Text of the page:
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Several Project Proposals Submitted in the Wake of MeToo

Increased gender equality between parents, in the workplace and among reindeer-herding Sami. These are the objectives of some of the nine projects granted funding from the Nordic Gender Equality Fund in 2018.


Last spring, the Nordic Gender Equality Fund accepted requests for funding of Nordic gender equality projects for a sixth straight year. Nine requests were granted.

A project titled Exporting Nordic Models of Fatherhood, Gender Egalitarianism and Parental Leave will explore how the Nordic model of parental insurance and so-called ‘daddy months’ has worked out in other countries that have experimented with it, such as Japan, Slovenia and Germany.

‘We know a great deal about how the parental insurance has been debated, changed and not least used in the Nordic countries, and we know that there is a widespread interest in Nordic family policy internationally. Now we want to study how it’s been received and how the concepts of male and female parenting have been discussed’, says Ann-Zofie Duvander, project leader and professor at the Stockholm University.

Another project will look into how the gender equality can be strengthened in isolated regions with limited job opportunities. Select areas of the Faroe Islands, Greenland and Denmark will be studied. A third project aims to increase the gender equality among reindeer-herding Sami:

‘Previous research has identified structures that cause gender disparity in traditional Sami reindeer-herding communities. It’s important to collect existing knowledge and create a holistic understanding of structural gender inequality and promote gender equality in the reindeer-herding communities. How do structures causing gender inequality interfere with or prevent women’s access to reindeer herding as a source of income, and how does this affect Sami women’s ability to enjoy their human rights?’, says Kamrul Hossain, project leader and professor at the University of Lapland in Finland.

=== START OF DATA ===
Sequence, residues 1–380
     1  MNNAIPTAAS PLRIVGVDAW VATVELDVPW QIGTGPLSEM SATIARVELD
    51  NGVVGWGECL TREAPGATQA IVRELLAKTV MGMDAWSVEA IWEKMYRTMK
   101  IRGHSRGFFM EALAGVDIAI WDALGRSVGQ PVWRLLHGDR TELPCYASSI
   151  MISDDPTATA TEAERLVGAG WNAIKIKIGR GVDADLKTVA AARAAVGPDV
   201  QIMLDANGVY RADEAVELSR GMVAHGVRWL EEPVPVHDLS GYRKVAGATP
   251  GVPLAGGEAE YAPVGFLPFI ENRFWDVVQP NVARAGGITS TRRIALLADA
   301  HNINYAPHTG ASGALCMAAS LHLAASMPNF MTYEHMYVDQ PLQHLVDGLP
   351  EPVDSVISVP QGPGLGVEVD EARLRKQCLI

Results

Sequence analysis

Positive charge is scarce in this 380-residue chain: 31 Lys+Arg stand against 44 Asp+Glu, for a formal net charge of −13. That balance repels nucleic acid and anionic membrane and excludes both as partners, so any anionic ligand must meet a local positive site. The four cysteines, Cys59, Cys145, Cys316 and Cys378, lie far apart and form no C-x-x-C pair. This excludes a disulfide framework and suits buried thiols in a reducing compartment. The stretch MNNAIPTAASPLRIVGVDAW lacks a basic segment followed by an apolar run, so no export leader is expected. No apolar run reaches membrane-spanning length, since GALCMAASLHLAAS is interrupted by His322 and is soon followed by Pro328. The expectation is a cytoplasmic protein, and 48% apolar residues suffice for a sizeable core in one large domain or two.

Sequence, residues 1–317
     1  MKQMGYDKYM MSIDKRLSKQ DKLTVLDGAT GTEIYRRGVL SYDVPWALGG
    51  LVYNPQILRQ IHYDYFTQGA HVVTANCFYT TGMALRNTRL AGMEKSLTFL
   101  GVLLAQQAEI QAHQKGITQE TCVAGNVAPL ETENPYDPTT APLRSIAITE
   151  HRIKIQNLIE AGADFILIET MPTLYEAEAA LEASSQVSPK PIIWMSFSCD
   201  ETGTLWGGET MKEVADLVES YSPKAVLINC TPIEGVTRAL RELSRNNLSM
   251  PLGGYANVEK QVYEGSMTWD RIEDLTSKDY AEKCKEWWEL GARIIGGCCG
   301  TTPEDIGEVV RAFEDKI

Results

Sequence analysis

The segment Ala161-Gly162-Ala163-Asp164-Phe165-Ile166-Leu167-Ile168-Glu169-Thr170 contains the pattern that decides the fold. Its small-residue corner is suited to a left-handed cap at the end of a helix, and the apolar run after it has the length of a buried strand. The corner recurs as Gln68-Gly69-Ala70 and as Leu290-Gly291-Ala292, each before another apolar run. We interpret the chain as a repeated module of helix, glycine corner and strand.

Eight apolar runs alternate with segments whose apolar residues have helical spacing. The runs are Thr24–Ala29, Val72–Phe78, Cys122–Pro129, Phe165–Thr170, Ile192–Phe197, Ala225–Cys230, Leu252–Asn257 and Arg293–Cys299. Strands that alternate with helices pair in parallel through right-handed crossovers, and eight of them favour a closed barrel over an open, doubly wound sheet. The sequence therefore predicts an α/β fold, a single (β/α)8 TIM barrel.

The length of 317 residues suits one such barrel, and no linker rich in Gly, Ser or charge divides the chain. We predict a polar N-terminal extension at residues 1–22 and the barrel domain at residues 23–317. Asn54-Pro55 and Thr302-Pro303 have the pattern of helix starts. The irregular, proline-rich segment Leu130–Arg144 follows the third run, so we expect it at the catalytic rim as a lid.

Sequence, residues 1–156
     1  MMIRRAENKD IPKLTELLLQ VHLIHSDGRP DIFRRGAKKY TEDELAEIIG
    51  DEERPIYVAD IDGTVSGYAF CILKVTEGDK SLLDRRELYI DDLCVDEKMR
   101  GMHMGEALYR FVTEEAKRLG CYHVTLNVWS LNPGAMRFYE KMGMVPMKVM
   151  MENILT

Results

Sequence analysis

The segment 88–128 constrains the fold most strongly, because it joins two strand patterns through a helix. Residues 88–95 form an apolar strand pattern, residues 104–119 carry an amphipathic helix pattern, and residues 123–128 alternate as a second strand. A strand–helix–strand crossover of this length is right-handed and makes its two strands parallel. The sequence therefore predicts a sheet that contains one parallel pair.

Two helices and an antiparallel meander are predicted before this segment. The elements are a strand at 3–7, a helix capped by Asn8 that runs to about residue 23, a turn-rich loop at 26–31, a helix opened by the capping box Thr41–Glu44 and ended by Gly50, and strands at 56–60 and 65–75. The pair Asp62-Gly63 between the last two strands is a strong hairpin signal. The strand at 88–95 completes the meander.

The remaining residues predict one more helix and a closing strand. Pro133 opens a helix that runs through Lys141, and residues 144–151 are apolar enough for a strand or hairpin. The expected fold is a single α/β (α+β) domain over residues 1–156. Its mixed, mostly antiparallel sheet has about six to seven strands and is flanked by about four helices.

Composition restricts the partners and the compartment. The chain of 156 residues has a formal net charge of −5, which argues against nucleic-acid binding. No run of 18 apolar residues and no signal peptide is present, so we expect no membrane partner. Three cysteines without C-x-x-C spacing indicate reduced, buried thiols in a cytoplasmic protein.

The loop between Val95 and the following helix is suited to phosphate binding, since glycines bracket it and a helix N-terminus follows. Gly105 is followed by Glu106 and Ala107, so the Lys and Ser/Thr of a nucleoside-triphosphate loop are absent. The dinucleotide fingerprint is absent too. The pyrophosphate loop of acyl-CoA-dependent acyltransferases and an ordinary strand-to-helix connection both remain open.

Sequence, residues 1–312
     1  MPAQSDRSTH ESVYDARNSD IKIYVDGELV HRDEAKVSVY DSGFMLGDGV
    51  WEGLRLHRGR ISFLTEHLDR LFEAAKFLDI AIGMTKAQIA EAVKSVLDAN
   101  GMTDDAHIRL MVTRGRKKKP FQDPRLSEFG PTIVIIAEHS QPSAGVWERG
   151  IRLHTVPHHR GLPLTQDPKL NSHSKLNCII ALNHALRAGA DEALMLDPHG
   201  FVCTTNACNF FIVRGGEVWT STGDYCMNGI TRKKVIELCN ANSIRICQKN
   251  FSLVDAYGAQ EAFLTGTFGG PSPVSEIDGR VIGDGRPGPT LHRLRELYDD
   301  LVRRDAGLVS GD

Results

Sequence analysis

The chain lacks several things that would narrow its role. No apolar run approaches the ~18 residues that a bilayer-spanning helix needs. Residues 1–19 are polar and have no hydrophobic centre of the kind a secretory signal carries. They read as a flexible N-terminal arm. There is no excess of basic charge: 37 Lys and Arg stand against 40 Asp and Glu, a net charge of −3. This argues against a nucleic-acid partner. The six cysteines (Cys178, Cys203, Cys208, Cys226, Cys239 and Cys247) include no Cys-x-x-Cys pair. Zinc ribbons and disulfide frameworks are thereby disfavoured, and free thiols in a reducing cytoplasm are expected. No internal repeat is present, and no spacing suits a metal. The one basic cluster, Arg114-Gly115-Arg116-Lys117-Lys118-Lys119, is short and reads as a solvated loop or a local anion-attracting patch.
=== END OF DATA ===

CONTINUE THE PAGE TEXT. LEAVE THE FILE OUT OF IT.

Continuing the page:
The MeToo movement seems to have inspired many applications for funding.

‘The strong impact of the MeToo movement in the Nordic countries clearly seems to have affected the submission of funding requests this year. Many proposed projects have focused on sexual harassment. The granted projects include one dealing with what Nordic municipalities are doing to fight sexual harassment in the healthcare sector. This is an important topic, as sexual harassment is a big problem in this specific occupational domain,’ says Elin Engström, head of operations of Nordic Information on Gender (NIKK), which is the unit administering the Nordic Gender Equality Fund on behalf of Nordic Council of Ministers.

The Nordic Gender Equality Fund was launched by the Nordic gender equality ministers to stimulate research, initiatives and collaborations in the field of gender equality.

‘It’s great to see the tremendous diversity among the organisations that apply for funding. This year’s applicants include several universities, but also national emergency services and organisations specialising in family planning,’ says Engström.

Latest updated 20 November 2019